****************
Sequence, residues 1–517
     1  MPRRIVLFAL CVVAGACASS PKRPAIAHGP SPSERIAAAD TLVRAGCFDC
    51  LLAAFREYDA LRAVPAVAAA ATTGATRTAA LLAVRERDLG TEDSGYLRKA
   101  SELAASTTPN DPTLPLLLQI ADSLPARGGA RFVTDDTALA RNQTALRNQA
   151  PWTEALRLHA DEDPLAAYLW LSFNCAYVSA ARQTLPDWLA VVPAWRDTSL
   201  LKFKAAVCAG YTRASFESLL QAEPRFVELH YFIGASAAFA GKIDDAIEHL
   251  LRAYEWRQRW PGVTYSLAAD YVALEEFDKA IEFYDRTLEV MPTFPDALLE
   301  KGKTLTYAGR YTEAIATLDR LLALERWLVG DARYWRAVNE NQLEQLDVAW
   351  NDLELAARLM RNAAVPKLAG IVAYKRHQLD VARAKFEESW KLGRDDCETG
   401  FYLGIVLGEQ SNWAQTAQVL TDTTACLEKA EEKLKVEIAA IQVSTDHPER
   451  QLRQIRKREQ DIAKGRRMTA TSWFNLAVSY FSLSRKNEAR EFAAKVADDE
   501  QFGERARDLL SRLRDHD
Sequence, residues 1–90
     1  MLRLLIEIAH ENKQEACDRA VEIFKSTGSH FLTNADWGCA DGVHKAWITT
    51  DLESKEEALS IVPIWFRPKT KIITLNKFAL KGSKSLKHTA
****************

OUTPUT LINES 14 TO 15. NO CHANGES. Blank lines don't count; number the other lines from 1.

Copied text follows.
     1  MLRLLIEIAH ENKQEACDRA VEIFKSTGSH FLTNADWGCA DGVHKAWITT
    51  DLESKEEALS IVPIWFRPKT KIITLNKFAL KGSKSLKHTA